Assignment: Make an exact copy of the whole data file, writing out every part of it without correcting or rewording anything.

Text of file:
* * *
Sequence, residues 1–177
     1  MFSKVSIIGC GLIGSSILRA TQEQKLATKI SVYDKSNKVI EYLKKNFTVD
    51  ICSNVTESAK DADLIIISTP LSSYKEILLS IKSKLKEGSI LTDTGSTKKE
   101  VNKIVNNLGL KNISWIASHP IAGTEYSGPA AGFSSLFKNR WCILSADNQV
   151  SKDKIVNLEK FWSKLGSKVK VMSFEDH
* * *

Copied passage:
Sequence, residues 1–177
     1  MFSKVSIIGC GLIGSSILRA TQEQKLATKI SVYDKSNKVI EYLKKNFTVD
    51  ICSNVTESAK DADLIIISTP LSSYKEILLS IKSKLKEGSI LTDTGSTKKE
   101  VNKIVNNLGL KNISWIASHP IAGTEYSGPA AGFSSLFKNR WCILSADNQV
   151  SKDKIVNLEK FWSKLGSKVK VMSFEDH